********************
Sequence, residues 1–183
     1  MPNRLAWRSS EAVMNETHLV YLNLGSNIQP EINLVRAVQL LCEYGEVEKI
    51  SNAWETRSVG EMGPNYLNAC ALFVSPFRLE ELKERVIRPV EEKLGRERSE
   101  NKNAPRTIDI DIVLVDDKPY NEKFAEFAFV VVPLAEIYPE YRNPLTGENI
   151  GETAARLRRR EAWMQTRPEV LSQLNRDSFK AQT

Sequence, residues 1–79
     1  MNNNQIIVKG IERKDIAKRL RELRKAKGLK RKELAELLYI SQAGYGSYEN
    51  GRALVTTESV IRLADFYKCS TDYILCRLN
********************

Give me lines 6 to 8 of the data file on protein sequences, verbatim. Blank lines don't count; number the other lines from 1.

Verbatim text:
Sequence, residues 1–79
     1  MNNNQIIVKG IERKDIAKRL RELRKAKGLK RKELAELLYI SQAGYGSYEN
    51  GRALVTTESV IRLADFYKCS TDYILCRLN